Bull. Ive gets plenty of credit. You’re just using that hook to pimp the book.

      And it should be obvious to anyone with more brain cells than a sea slug that Ive DOESN’T SEEK OUT CREDIT.

    • Moeskido

      What Apple fans complained about Isaacson’s book was its light grasp on a technical understanding of Jobs’ work. It was a pleasant biography as long as you weren’t looking at the software or hardware history.

      • perhaps, but to be fair a biography about his life is not going to be a white paper. remember, when Jobs hired Isaacson he said he wanted something for his children to know him better by. going into iterative design process isn’t that.

        for this reason i really enjoyed the bio.

        • Moeskido

          I enjoyed it to the degree that it described the boy who became the man.

          Insofar as the man devoted so much of his waking life to a single company, it’s not difficult to picture a kid wondering what it was that took his or her dad away from home so often. I’m not talking about the “iterative design process.” I’m talking about a decades-long devotion to another figurative family, and to the technology-based decision-making that drove the guy.

          Perhaps the sorts of things Jobs’ children might want to know about him will differ throughout their lives. The cliché about business executives who raise children who don’t know their parents very well is real.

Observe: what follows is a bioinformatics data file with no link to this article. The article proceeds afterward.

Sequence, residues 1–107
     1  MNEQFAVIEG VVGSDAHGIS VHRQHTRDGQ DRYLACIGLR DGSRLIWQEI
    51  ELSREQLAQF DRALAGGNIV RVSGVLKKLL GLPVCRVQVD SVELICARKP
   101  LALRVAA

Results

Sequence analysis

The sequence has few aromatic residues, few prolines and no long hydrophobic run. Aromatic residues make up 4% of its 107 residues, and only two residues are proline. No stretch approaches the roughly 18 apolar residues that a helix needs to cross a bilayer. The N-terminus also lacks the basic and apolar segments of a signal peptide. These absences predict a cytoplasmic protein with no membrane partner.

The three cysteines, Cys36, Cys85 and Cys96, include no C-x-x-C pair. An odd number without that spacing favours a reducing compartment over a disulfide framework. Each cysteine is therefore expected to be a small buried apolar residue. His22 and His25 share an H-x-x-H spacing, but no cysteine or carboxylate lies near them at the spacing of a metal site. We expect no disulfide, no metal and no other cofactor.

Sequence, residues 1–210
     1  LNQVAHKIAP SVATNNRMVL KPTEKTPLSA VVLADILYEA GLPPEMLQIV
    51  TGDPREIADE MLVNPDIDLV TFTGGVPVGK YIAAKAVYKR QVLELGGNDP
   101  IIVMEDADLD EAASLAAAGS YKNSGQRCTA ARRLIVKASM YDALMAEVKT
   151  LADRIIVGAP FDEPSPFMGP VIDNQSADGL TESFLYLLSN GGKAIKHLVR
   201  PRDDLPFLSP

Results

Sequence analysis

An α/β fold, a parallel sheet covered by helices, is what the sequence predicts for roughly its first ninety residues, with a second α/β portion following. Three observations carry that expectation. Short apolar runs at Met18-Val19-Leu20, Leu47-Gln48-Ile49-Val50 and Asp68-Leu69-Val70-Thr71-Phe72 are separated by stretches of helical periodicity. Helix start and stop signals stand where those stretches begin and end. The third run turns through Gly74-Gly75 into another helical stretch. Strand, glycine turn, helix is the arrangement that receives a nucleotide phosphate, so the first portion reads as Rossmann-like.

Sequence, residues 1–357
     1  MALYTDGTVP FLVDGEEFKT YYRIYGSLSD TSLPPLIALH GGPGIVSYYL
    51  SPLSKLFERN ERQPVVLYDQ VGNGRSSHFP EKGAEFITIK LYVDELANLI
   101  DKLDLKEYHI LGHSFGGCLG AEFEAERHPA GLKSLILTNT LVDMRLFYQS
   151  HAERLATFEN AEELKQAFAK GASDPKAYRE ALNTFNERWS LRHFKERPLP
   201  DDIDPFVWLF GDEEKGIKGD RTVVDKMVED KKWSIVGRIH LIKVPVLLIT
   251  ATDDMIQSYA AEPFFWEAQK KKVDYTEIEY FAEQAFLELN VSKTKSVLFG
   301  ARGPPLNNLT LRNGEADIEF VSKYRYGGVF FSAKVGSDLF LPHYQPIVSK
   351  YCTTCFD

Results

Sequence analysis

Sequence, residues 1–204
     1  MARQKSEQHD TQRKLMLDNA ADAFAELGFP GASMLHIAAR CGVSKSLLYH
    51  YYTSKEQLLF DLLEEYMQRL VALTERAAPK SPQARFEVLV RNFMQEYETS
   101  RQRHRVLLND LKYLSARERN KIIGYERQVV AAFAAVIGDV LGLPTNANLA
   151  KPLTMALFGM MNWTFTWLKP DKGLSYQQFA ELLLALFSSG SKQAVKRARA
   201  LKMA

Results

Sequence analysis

• Moeskido

    While at the shore a couple of years ago, I found Leander Kahney’s “Inside Steve’s Brain” in a bargain bin and figured I’d give it a few hours of my time.

    It turned out to be sloppy rubbish, written by someone who appears to have been educated within a system that encourages short attention spans. Ideas were presented without development, and later returned to without context. Rumor and hearsay were given almost equal weight with documented facts.

    The one good thing about the book was its bibliography, but that wasn’t enough to make me want to keep it. Ive and his work deserve a better writer than this gossip columnist, and so do we. Steven Levy comes to mind.

    • Arnoud van Houwelingen

      Leander Kahney isn’t a gossip columnist. I find it rather insulting!

      • Moeskido

        Cult of Mac is a rumor mill. Keep those standards high, Arnoud.

  • JDSoCal

    Jony Ive was languishing in anonymity at Apple until Jobs came back and immediately recognized his genius.

    So no, you didn’t give credit to the wrong guy. Marketing douchebags.

    • rogifan

      Robert Brunner deserves to share in the credit. He hired Ive and recommended that Ive should lead the design group when he quit.